16 JANUARY 2018
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JÄGERMEISTER • Ice Cold Gig The herbal liqueur held its sixth Ice Cold Gig at the end of last year. For this event London band Modestep performed on a “space net” suspended over an icy ravine in New Zealand to promote the brand’s perfect serve — a shot at -18°C.
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drink. Peaky Blinders spirits
Capitalising on the popularity of the BBC TV series Peaky Blinders, craft brewer Sadler’s moved into spirits with the launch of this three-strong range, comprising an Irish whiskey, a spiced dry gin and a black spiced rum. The spirits are said to “celebrate traditional flavours from the 1920s with a contemporary twist”. www.sadlersales.co.uk
Thatchers Cider Barn Somerset cider maker Thatchers has added two new ciders to Cider Barn, its vintage range. The first addition, the six per cent ABV Redwood, is blended from bittersweet and culinary apples, while the second, Dabinett, is a 5.3 per cent ABV single variety cider made from 100 per cent Dabinett apples. 01934 822 862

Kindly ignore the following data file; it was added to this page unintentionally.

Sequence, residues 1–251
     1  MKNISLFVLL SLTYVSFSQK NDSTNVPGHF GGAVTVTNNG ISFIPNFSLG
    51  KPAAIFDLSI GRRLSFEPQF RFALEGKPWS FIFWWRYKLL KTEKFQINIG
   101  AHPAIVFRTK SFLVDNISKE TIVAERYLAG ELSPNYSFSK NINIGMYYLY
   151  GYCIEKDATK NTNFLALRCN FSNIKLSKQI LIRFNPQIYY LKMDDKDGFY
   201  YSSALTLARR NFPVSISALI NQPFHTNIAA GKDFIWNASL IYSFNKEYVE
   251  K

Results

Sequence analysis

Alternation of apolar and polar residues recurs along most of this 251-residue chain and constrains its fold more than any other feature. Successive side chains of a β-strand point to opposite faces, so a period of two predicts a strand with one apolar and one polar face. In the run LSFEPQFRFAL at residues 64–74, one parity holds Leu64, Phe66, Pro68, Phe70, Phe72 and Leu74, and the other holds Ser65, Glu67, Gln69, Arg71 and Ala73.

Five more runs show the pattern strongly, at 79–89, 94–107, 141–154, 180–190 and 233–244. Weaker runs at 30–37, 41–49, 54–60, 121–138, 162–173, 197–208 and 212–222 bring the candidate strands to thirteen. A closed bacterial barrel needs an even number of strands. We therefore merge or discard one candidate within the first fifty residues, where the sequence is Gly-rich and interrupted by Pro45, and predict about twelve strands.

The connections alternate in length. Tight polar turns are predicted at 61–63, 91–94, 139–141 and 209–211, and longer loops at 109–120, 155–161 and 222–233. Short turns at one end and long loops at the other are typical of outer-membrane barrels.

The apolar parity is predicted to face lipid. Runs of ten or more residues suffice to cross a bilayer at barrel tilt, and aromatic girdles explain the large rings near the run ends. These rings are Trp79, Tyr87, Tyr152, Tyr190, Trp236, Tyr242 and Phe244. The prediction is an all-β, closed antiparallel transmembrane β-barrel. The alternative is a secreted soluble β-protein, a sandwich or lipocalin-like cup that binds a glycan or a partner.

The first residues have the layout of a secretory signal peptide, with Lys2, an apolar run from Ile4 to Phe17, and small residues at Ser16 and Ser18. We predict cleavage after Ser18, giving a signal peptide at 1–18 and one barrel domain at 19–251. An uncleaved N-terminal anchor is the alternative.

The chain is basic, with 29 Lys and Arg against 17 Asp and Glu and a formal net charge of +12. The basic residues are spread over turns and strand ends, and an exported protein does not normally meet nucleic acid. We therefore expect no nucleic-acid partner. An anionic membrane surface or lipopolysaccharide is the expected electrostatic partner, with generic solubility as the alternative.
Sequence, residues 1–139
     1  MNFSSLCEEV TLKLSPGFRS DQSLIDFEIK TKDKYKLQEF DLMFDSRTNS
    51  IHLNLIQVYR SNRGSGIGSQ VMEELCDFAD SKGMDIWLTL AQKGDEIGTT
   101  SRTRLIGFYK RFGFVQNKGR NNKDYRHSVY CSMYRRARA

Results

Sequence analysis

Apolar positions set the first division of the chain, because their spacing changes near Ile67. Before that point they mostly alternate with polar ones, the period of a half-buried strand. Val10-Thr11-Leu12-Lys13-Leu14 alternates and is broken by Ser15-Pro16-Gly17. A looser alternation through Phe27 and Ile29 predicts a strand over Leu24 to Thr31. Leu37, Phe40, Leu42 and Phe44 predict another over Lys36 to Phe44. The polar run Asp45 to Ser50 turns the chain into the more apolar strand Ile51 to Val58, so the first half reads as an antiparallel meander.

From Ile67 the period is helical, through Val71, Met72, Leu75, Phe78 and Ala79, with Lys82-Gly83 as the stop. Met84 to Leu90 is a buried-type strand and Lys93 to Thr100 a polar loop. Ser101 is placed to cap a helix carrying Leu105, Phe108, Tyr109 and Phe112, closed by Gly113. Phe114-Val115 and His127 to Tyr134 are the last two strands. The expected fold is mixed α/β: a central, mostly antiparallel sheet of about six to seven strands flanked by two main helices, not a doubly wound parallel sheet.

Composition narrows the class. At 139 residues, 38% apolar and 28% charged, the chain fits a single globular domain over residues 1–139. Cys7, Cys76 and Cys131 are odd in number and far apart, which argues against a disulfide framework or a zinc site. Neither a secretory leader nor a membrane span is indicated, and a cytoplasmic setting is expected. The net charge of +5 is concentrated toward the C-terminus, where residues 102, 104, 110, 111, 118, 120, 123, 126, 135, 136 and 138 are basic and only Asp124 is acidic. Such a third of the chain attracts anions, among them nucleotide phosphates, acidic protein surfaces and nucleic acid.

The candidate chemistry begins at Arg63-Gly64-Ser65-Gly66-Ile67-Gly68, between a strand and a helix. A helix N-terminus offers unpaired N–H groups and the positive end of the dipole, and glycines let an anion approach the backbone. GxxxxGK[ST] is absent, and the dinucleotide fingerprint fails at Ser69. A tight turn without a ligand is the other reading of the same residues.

On the bar Gaynor Smith, The Four Bells, Woodborough, Nottingham
Look out for... Quirky Wines
Taking its cues from craft beer, Crown Cellars’ Quirky Wines range has been extended after a “hugely successful” debut. The seven new wines, including the Grapeful Dead Chardonnay and Dead Man’s Dice Malbec, aim to “enable operators to grab the attention of consumers while providing great tasting, credible, quality wines”, its co-creator Jonathan Pedley MW, said. crowncellarswines. co.uk
Ketel One Oranje
Infused with oils from Valencia and Mandarin oranges, this new addition to the Ketel One lineup was created in Grasse, the home of perfume in France. The launch is in response to “the continued demand for new and innovative variants in the super-premium vodka category”, according to head of Diageo GB Reserve Nick Temperley. 020 8978 6000
“A month after joining the Society of Independent Brewer’s (SIBA) Beerflex scheme, our cask ale sales went up 10 per cent. We’re a Star Pubs & Bars venue but we were keen to stock local beers — we’ve a great craft brewery close by and there are several free-oftie pubs in the area, so when the opportunity to join the scheme came up through Star’s partnership with SIBA, we jumped at it. We now serve 15 beers, four of which are cask, and try to maintain a mix of old favourites and new local beers. We always have St Austell’s Tribute Ale on, but now we can also have beers from Caythorpe Brewery in the next village, plus two local guest ales. We promote new beers heavily on social media. Instagram and Facebook work best for us.”